FRIDAY, 11.12.2015, 20:30



The last scene of the last film that Pier Paolo Pasolini made (the infamous Salò, or the 120 Days of Sodom which was released only after Pasolini was murdered) inspired filmmaker Telémachos Alexiou to do a public re-enactmenr: two young handsome men with machine guns waiting idly while the torture games find their grusome end, only that in La Morte di Pasolini, this dance is an intervention of both the opening of the Pasolini retrospective at Arsenal and the exhibition at Martin-Gropius-Bau near Potsdamer Platz. Mixed with original statements and stills from the film, this conceptual performance film pays tribute to one of Europe’s greatest filmmakers and manages to queer the institutional canonization of Pasolini at the same time.

Telémachos Alexiou, D 2015, 14 min (world premiere)
cinematography: Tim Schenkl
with: Andrés Silva Vignoli, Telémachos Alexiou
languages: Italian (with English subtitles)
guests: Telémachos Alexiou, Andrés Silva Vignoli (actor), Tim Schenkl (DOP)

Bildschirmfoto 2015-11-15 um 01.08.40


The cinématons of prolific French author, producer and filmmaker Gérard Courant are silent, four-minute long portraits of people on film. Number 170 (of now almost 3000) is no other than a very young, and very charming Peter Kern who Courant shot in Berlin in 1982. Kern looks into the camera, maybe flirts a bit, smiles, then laughs inaudibly, looks into the camera again and smiles again. A beautiful way of rembering director and actor Peter Kern who passed away this year at the age of 66.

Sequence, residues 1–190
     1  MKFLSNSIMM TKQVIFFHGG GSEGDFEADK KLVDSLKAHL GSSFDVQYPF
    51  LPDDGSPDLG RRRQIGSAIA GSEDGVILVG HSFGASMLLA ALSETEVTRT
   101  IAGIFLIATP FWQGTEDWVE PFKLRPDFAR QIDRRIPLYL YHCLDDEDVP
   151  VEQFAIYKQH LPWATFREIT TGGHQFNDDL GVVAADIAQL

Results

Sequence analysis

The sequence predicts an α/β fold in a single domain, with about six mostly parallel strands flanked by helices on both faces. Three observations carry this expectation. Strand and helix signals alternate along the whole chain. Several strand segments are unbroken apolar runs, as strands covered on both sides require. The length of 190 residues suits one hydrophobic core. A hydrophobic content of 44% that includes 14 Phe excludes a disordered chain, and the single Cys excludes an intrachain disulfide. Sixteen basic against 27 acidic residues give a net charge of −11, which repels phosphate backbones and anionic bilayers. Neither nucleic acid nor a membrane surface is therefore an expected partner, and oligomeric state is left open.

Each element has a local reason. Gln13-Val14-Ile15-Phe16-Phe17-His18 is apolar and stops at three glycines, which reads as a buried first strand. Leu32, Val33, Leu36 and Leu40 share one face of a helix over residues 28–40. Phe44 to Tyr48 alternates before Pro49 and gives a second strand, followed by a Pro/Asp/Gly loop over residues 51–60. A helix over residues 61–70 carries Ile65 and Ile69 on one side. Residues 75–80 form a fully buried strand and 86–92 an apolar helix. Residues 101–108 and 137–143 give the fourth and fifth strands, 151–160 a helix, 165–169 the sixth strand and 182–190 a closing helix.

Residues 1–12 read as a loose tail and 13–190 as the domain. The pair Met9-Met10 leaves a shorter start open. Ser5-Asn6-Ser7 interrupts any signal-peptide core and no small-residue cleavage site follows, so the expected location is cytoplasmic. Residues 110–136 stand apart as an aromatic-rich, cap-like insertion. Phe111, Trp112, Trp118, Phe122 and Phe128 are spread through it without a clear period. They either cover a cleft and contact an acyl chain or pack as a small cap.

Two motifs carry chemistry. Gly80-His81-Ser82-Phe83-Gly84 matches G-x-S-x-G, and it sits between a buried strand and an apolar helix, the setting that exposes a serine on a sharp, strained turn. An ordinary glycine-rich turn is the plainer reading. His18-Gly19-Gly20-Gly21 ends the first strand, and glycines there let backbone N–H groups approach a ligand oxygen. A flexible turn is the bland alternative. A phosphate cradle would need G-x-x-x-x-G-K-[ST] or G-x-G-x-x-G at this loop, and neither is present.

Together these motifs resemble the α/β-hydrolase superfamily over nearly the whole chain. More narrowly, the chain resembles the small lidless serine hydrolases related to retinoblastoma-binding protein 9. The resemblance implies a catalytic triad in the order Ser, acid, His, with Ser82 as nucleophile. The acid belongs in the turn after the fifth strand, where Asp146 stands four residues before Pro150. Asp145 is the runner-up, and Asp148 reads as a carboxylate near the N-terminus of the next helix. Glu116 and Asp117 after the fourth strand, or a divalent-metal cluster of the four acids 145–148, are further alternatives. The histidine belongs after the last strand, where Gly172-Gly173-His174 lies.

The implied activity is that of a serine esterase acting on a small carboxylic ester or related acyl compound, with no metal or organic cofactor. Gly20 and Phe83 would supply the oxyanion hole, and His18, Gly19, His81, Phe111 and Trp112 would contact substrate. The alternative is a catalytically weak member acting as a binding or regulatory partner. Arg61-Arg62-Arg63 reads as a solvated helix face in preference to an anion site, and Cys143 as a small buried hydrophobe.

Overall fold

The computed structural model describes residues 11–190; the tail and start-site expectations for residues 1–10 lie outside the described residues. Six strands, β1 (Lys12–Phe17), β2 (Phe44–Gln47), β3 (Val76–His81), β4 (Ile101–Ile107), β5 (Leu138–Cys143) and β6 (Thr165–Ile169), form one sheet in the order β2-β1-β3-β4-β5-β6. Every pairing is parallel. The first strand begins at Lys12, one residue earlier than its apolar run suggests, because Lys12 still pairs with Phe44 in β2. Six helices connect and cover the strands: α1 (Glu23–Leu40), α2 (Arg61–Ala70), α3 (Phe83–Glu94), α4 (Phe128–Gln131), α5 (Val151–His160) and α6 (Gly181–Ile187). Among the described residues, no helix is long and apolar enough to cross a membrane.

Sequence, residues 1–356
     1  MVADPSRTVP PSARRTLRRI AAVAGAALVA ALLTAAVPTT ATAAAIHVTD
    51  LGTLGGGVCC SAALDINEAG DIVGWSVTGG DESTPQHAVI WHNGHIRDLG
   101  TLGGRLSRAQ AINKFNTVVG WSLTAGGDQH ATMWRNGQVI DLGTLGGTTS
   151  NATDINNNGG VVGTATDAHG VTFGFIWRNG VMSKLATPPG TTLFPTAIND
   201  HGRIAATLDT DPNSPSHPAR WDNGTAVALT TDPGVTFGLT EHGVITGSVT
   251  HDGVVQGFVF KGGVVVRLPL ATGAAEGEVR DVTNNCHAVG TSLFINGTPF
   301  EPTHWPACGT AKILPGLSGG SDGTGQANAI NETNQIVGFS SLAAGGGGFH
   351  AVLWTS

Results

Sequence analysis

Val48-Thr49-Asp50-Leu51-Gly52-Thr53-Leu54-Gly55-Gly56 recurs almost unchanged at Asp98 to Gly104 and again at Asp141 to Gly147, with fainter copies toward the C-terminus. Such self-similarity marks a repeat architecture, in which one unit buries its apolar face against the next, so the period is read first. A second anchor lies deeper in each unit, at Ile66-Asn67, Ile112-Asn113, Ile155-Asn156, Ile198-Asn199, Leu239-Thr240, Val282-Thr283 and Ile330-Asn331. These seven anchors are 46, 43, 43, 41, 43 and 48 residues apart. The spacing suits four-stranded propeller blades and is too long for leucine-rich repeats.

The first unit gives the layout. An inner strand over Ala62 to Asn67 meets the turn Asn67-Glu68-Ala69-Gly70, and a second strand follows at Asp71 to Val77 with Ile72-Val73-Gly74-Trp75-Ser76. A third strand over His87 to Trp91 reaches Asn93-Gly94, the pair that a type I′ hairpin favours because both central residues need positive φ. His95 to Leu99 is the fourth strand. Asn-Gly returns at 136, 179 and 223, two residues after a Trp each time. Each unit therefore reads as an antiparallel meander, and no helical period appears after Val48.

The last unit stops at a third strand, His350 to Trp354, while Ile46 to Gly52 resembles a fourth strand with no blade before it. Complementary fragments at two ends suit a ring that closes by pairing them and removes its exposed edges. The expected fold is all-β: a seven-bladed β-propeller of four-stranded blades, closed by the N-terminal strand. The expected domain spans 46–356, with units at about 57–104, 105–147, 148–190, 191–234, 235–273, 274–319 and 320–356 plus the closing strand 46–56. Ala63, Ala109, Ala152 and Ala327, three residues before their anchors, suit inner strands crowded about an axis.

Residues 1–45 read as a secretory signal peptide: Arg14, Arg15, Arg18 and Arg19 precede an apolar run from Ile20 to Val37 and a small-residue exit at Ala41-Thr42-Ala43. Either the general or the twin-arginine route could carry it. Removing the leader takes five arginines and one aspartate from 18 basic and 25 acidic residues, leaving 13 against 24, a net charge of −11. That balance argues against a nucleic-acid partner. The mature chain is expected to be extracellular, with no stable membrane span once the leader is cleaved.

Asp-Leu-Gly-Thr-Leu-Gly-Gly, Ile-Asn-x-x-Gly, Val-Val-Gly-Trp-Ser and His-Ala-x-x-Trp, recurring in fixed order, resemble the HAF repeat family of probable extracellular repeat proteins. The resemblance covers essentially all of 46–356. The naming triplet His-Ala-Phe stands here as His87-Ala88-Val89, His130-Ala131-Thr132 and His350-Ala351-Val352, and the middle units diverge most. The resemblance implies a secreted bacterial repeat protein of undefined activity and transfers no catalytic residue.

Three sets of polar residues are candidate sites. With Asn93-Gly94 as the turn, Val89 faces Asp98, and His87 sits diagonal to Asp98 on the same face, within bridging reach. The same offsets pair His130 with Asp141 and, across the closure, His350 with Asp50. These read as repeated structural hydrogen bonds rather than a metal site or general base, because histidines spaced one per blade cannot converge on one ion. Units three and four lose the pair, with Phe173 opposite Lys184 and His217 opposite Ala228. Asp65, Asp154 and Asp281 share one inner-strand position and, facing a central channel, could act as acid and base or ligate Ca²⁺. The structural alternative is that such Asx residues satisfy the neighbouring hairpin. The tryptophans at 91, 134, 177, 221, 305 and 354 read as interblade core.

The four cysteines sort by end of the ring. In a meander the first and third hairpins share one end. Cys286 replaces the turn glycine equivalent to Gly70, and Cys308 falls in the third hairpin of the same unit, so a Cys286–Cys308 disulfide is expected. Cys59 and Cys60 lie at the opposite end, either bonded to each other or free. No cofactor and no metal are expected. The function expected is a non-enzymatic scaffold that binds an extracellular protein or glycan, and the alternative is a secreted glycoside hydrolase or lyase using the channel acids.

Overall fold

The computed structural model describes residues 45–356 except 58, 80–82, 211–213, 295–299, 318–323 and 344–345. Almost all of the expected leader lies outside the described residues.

Gérard Courant, D 1982, 4 min
cinematography: Gérard Courant
with: Peter Kern
language: no sound
with a message by Gérard Courant



Berlin in black-and-white: And old demented Nazi actress (fabulous and fearless: Traute Furthner) is wandering around a hotel, mingling with the posh guests at a reception, falling asleep on a couch in the foyer, unnoticed and unseen. Sarah Kulmbacher, who tells a journalist that „Hitler was a good man“ is later brought together with a young boy who has cancer and calls himself Sarah – this leads to an unlikely yet tender liaison between two people that only Peter Kern could bring together. His unconventional and provocative tale of love, death, remembrance, German history, an overworked alcoholic social worker and a ruthless pharmaceutical company is Kern’s penultimate film, completed before he passed away this year. Producer and DOP Peter Roehsler who gave this low-budget extravaganza a majestic look (mirrored in the soundtrack), will be joining the festival to talk about one of the last enfant terribles of German and Austrian cinema.

Peter Kern, A/D 2014, 70 min
cinematography: Peter Roehsler
with: Traute Furthner, Florian Dyma-Hanel, Stephanie Fürstenberg, Margarete Tiesel
language: German (with English subtitles)
guests: Peter Roehsler (DOP/ producer), Benjamin Kalisch (sound design), Katharina Mihm (first assistant director)